Assisted Delivery vs C Section – What’s the Difference?

Katie GriffinNatural Hospital Birth, Online Childbirth Classes for Natural Birth

assisted delivery vs c section

You’ve likely heard of assisted delivery and c sections, but what’s the difference between the two? Let’s discuss assisted delivery vs c section.

What is an assisted delivery?

An assisted delivery is when baby is assisted down the birth canal by the use of a vacuum extraction or forceps. It is also known as an instrumental birth. An assisted delivery is still a vaginal birth. Assisted delivery is used if mom has been pushing for an extended period of time and needs help to encourage the baby to descend through the birth canal.  An assisted delivery may also be attempted if baby is in distress and needs to be born more rapidly than mom is able to push on her own.

Assisted delivery – What are forceps?

Forceps are large metal tongs used in an assisted delivery.  They are insterted up into the vagina and wrap around the baby’s head.  The provider applies gentle downward pressure as mom pushes.  Forceps are large, and an episotomy must be cut in mom’s perineum in order for the forceps to fit into the vaginal opening.

Assisted delivery – What is vacuum extraction?

In vacuum extraction, a device much like a suction cup with a cord attached, is placed up through the vagina and onto baby’s head.  At this point, vacuum-induced traction is applied and baby is guided down the birth canal.

Assisted Delivery vs C Section:

PROS of Assisted Delivery:

  • An assisted delivery can often be done more quickly than a c section
  • Baby still gets the benefits that accompany vaginal birth
  • Mom avoids the risks of a cesarean birth, including excessive bleeding and infection

CONS of Assisted Delivery:

  • Greater risk of injury to the anus and the perineum (the area between the anus and the vagina)
  • Risk of damage to the baby’s facial and cranial nerves
  • Greater risk to the baby’s scalp

What is a C Section?

assisted delivery vs c section - cesarean birth
A c section, also known as a cesarean birth, is a surgical procedure used to delivery the baby.   An incision made in mom’s abdomen and uterus, and baby is removed through the incision.  In the case of certain health complications, a provider may recommend scheduling a c section before mom goes into labor. Unplanned c sections may be performed during labor if mom or baby are in distress and the baby is not yet in the birth canal. A c section is more likely in a high-risk situation and when the cervix has not fully dilated or baby’s head had not entered the pelvis.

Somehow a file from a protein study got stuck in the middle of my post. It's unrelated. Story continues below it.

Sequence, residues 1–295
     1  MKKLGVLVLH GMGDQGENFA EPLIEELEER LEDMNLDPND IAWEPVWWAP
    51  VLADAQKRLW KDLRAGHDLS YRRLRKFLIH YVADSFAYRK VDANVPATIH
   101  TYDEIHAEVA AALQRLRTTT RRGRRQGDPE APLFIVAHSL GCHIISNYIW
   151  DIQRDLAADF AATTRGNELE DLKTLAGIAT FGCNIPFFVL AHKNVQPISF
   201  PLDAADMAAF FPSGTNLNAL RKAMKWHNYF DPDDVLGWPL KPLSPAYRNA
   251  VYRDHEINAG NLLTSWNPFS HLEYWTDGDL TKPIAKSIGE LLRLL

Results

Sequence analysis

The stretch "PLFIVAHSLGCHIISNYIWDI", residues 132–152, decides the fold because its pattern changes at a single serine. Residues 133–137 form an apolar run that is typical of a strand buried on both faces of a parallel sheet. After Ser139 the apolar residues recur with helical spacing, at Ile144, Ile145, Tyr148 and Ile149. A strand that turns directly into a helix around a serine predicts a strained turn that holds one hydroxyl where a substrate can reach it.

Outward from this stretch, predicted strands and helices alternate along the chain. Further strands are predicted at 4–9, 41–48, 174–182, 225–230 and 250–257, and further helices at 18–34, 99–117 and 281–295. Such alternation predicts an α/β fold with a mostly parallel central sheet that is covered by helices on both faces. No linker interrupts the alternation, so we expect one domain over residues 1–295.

Assisted Delivery vs C Section:

PROS of C Section:

  • Provides a safer mode of delivery for babies that are unable to descend past the pelvis
  • May be connected with a reduction in urinary incontinence — unintentional peeing

CONS of C Section:

  • Greater risk of infection, blood loss, blood clots, and other adverse effects from surgery
  • Trauma to abdominal tissue and risk of harm to organs surrounding the uterus, such as the bladder and bowels
  • Longer and often more challenging recovery after baby is born due to incision

Learn more about assisted delivery vs c section by taking in a high-quality natural childbirth class.  As you understand the risks and benefits of these labor interventions, you’ll be empowered to make informed choices during your birth.

Kopa Birth’s online birthing classes allow you to prepare for a natural hospital birth from the comfort of your own home, 24/7. Enroll today in our free online childbirth class and start preparing for your natural birth!


American Congress of Obstetricians & Gynecologists.  (2016, February).  Retrieved from

American Congress of Obstetricians & Gynecologists.  (2015, May).  Retrieved from

American Journal of Obstetrics & Gynecology.  (2014, March).  ACOG/SMFM Obstetric Care Concensus: Safe Prevention of the Primary Cesarean Delivery.  Obstetrics & Gynecology.

O’Mahony, F., Hofmeyr, G.J., Menon, V. (2010).  Choice of instruments for assisted vaginal delivery. Cochrane Database of Systematic Reviews, Issue 11.  Art. No.:  CD005455.